EVGHENI IVANOV: Most of the 132 companies included in the Plan and especially the bigger ones - Solvay Sodi, Enel Maritsa Iztok - 3, the cement plants, are part of international companies, whose owners operate on the international allowances market through their companies in other EU or non EU countries. There is no way this experience not to be applied in Bulgaria too. The European rules for allowances operation settle not only trading issues, but the transfer of allowances between installations with a joint owner in one or in several countries. So the companies could plan which plant, when and what quantity to produce in order to manage their costs and investments.
Representatives of another part of the companies took part in the discussions and the preparation of the plan, so it could be assumed they are also ready to join EETS. It is clear that like any new procedure, it is to be seen how it is working and whether it needs some correction or additional organization.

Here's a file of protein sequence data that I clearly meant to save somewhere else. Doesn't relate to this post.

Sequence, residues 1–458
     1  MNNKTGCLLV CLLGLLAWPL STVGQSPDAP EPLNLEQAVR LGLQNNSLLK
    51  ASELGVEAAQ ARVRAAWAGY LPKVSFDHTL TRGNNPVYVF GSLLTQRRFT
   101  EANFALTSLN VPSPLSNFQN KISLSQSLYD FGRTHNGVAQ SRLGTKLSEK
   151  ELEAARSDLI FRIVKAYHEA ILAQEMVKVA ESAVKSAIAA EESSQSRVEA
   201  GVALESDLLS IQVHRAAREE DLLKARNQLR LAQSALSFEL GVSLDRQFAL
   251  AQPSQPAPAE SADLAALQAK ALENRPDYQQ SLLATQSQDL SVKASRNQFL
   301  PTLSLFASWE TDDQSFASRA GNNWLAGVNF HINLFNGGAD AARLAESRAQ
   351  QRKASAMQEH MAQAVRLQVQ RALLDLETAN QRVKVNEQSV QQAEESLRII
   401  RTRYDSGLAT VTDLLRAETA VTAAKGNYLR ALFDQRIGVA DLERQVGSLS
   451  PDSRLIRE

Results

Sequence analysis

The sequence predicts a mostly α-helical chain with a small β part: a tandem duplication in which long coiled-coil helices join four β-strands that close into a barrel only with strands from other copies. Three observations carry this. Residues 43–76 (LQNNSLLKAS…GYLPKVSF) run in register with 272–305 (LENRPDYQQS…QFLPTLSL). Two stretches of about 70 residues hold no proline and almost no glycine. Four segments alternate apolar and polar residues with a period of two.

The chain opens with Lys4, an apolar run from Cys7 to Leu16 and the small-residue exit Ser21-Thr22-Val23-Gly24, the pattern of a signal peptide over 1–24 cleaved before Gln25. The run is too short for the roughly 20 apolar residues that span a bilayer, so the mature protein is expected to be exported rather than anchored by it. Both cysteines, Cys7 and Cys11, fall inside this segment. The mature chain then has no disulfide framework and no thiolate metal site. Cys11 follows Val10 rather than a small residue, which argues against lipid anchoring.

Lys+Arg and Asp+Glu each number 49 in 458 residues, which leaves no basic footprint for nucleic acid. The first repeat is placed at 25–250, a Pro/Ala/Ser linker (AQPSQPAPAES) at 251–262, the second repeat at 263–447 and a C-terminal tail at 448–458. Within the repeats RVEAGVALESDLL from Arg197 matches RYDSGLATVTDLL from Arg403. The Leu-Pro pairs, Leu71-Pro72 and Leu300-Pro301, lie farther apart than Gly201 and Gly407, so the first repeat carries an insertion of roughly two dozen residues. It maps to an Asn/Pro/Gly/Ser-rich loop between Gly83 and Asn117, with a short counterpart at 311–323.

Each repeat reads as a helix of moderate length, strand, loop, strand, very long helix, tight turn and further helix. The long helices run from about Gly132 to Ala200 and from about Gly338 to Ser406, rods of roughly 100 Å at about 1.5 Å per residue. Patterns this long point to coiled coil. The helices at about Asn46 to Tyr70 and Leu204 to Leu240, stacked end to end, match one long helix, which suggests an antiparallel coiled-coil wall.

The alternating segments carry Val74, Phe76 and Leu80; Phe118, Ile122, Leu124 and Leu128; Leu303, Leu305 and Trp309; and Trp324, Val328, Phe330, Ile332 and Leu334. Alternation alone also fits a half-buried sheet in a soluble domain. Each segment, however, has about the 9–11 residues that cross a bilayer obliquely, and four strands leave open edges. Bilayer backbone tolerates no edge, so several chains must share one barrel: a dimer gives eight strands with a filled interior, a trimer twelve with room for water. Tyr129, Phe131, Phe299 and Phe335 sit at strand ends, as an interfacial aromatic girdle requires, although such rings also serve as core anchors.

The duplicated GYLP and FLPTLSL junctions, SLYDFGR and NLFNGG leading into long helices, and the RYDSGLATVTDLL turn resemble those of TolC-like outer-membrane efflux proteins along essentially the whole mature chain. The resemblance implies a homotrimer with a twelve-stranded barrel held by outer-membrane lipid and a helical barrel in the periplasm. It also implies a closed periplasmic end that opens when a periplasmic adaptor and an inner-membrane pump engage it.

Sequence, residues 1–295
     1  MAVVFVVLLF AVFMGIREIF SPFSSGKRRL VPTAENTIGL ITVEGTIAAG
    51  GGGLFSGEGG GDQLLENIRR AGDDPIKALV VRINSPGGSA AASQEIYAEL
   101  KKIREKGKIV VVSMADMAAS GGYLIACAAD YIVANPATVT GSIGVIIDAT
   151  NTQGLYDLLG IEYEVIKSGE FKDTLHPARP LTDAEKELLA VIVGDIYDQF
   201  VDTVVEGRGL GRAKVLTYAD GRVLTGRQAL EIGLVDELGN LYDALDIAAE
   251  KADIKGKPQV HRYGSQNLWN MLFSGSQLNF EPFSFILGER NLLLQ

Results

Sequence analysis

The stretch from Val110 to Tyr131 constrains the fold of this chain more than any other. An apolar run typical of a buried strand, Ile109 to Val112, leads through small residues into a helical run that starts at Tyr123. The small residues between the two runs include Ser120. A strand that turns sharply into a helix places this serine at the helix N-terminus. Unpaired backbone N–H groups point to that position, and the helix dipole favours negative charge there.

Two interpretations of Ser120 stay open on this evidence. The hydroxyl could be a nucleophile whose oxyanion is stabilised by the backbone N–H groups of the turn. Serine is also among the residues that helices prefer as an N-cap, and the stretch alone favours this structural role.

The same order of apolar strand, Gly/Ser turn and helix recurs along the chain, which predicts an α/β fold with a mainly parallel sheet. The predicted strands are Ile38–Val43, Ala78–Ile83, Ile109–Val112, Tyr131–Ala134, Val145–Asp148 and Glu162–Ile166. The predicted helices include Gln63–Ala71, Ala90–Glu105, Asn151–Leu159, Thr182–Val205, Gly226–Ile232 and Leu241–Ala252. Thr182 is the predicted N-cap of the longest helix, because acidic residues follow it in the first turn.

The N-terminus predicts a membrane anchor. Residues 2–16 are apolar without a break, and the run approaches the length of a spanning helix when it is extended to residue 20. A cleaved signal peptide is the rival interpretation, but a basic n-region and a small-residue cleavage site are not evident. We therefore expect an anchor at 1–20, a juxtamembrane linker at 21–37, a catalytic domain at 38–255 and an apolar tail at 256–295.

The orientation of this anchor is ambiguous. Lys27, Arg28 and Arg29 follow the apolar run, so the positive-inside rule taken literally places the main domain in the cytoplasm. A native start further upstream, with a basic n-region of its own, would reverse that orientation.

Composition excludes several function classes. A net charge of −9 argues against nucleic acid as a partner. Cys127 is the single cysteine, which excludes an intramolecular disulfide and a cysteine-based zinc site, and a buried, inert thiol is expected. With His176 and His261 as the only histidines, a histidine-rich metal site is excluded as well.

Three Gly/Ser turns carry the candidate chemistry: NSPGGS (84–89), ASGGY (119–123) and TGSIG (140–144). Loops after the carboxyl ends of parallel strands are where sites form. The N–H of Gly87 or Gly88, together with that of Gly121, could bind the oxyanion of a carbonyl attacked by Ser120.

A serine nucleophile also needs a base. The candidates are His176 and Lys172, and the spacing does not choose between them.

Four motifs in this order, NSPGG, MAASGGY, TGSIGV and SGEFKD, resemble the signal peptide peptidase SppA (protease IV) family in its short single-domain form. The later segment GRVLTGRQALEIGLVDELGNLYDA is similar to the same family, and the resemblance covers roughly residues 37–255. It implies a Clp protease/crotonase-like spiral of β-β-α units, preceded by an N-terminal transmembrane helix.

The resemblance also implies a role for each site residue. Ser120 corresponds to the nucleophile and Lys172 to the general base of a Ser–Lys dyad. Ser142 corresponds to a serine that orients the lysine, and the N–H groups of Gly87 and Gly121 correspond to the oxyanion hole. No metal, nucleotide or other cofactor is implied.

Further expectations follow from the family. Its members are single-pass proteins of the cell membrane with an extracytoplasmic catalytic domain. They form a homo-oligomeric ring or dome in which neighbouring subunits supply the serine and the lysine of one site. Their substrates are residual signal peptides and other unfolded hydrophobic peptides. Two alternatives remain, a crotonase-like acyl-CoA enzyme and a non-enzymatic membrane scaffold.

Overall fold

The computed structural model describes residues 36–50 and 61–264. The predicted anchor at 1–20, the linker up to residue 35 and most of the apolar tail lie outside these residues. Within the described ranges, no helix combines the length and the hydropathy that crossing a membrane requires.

euinside: A lot or not enough is the amount of 42 million tonnes (42,433,833) of CO2 quotas annually, allocated in the Plan?
EVGHENI IVANOV: It is quite a delicate question, having in mind that the purpose of the Kyoto protocol and subsequent EU regulation is to reduce emissions globally, in the EU and in every country separately. Besides, the European Commission monitors extremely closely the allocation of allowances by states and by plants to ensure as precise as possible what is really emitted to avoid unfair competition in emissions trading. The Commission is not willing to tolerate excesses which is why before the Plan has been approved Bulgarian companies' allowances have been cut from 69 to 42 million tones.
It is hard to say whether this amount of allowances is more or less, because it depends on many factors, which are hard to be foreseen. For instance, the global economic crisis has affected many sectors - the cement industry, the production of fertilizers or metals, where production has stopped or is significantly reduced. And less work inevitably leads to less emissions than planned. The same effect happens also when production has stopped for modernization and for the installation of new technologies.